Discrete years' performance*, to previous quarter-end:


Dec-21

Dec-20

Dec-19

Dec-18

Dec-17

Liontrust GF SF Pan-European Growth Fund A1 Acc

20.4%

13.5%

32.4%

-17.0%

13.6%

MSCI Europe

25.1%

-3.3%

26.1%

-10.6%

10.2%

 

*Source: Financial Express, as at 31.12.21, primary share class, in euro terms, total return, net of fees and income reinvested.

Understand common financial words and terms See our glossary
Key Risks 
 
Past performance is not a guide to future performance. The value of an investment and the income generated from it can fall as well as rise and is not guaranteed. You may get back less than you originally invested. The issue of units/shares in Liontrust Funds may be subject to an initial charge, which will have an impact on the realisable value of the investment, particularly in the short term. Investments should always be considered as long term.
 
Some of the Funds managed by the Sustainable Future team involve foreign currencies and may be subject to fluctuations in value due to movements in exchange rates. Investment in Funds managed by the Sustainable Future team involves foreign currencies and may be subject to fluctuations in value due to movements in exchange rates. The value of fixed income securities will fall if the issuer is unable to repay its debt or has its credit rating reduced. Generally, the higher the perceived credit risk of the issuer, the higher the rate of interest. Some Funds may invest in derivatives. The use of derivatives may create leverage or gearing. A relatively small movement in the value of a derivative's underlying investment may have a larger impact, positive or negative, on the value of a fund than if the underlying investment was held instead.

 

Disclaimer
 
This is a marketing communication. Before making an investment, you should read the relevant Prospectus and the Key Investor Information Document (KIID), which provide full product details including investment charges and risks. These documents can be obtained, free of charge, from www.liontrust.co.uk or direct from Liontrust. Always research your own investments. If you are not a professional investor please consult a regulated financial adviser regarding the suitability of such an investment for you and your personal circumstances.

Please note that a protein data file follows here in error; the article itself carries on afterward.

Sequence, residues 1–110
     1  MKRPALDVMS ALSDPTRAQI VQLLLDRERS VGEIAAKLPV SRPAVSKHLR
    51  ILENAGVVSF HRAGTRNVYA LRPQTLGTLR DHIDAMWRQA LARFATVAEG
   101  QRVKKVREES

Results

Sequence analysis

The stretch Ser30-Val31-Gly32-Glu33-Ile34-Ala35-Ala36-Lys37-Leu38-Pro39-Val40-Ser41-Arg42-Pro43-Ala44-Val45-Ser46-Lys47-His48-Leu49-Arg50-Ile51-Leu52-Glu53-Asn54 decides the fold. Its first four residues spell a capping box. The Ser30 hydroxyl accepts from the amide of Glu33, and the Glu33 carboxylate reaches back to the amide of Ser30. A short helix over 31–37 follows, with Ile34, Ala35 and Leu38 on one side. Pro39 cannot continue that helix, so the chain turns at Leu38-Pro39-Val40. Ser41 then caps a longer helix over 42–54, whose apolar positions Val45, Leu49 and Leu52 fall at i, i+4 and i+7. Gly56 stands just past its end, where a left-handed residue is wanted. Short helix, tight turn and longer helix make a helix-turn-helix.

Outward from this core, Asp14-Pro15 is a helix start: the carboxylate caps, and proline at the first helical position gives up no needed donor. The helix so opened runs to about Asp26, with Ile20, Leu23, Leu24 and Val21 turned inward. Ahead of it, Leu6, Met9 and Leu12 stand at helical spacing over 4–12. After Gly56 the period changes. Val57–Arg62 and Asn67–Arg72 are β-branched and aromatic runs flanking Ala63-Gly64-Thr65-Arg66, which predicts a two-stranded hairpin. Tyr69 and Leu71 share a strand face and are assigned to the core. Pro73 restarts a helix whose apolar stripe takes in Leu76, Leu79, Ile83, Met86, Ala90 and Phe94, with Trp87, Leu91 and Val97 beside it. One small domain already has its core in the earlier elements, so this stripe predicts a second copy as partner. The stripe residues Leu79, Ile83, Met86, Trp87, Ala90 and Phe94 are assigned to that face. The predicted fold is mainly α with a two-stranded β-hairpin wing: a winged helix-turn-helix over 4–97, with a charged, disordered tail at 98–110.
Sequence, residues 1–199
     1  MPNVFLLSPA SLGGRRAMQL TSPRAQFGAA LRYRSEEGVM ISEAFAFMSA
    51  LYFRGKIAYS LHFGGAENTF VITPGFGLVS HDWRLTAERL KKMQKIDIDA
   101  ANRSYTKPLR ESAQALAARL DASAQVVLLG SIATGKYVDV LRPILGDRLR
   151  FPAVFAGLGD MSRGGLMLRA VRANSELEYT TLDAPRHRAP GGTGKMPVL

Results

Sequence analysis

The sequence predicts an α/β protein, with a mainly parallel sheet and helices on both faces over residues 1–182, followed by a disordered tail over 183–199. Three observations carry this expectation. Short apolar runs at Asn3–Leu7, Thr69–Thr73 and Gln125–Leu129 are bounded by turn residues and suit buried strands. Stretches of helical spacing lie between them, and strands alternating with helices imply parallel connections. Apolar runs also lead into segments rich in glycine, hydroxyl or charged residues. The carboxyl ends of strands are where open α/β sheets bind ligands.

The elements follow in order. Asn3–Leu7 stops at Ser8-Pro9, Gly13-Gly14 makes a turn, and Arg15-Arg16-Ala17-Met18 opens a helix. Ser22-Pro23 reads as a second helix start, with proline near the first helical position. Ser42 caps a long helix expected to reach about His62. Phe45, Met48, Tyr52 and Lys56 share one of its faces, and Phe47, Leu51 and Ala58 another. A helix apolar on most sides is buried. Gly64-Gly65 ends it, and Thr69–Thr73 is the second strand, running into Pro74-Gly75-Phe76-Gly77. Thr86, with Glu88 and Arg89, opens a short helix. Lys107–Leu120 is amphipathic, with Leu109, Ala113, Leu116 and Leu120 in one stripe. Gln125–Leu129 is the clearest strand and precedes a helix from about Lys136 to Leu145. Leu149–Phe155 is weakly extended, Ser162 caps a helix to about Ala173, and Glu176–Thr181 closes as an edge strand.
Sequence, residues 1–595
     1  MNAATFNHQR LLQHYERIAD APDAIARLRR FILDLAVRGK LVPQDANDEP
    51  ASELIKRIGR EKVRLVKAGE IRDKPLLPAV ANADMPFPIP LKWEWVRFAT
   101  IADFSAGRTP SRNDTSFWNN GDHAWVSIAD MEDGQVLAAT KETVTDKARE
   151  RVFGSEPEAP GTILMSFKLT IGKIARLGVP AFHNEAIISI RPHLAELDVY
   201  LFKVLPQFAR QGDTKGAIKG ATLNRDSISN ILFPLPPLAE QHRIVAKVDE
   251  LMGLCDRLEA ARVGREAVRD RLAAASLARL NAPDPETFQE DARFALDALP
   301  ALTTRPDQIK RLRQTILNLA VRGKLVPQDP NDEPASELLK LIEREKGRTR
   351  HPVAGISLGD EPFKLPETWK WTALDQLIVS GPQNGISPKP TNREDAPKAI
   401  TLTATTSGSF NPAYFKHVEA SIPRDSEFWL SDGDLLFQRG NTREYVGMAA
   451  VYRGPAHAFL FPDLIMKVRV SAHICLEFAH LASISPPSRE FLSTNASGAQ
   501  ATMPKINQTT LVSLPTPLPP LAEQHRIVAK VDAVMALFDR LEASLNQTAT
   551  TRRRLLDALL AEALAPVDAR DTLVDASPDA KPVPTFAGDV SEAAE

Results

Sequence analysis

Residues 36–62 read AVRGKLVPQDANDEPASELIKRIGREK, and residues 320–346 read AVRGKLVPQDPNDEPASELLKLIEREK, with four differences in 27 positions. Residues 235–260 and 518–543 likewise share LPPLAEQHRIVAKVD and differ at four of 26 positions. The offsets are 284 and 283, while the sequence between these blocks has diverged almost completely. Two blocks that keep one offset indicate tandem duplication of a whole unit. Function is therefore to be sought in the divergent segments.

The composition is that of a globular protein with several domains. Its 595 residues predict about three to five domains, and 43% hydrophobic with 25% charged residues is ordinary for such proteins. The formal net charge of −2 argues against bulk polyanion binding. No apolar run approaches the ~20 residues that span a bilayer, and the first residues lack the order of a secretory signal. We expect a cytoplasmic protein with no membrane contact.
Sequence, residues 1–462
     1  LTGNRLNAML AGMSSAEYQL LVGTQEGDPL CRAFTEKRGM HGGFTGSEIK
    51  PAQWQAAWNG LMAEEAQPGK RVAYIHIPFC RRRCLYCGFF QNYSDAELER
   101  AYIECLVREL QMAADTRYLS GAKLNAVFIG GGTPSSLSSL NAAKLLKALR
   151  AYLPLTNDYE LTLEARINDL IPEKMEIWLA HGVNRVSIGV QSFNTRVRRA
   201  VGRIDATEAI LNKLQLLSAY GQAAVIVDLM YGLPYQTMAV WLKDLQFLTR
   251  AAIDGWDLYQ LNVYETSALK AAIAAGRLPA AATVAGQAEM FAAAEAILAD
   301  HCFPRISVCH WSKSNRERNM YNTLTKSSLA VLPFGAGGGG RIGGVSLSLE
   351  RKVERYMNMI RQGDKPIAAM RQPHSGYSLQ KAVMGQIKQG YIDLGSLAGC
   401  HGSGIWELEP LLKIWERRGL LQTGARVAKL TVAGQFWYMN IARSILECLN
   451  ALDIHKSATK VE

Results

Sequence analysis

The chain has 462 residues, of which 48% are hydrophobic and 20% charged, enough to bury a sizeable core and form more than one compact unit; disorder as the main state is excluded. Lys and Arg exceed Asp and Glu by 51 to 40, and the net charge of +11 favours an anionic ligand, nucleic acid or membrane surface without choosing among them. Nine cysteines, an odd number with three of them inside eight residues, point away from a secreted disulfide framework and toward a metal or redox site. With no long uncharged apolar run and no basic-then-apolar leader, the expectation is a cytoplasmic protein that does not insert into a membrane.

This should not be construed as advice for investment in any product or security mentioned, an offer to buy or sell units/shares of Funds mentioned, or a solicitation to purchase securities in any company or investment product. Examples of stocks are provided for general information only to demonstrate our investment philosophy. The investment being promoted is for units in a fund, not directly in the underlying assets. It contains information and analysis that is believed to be accurate at the time of publication, but is subject to change without notice. Whilst care has been taken in compiling the content of this document, no representation or warranty, express or implied, is made by Liontrust as to its accuracy or completeness, including for external sources (which may have been used) which have not been verified. It should not be copied, forwarded, reproduced, divulged or otherwise distributed in any form whether by way of fax, email, oral or otherwise, in whole or in part without the express and prior written consent of Liontrust. Always research your own investments and if you are not a professional investor please consult a regulated financial adviser regarding the suitability of such an investment for you and your personal circumstances.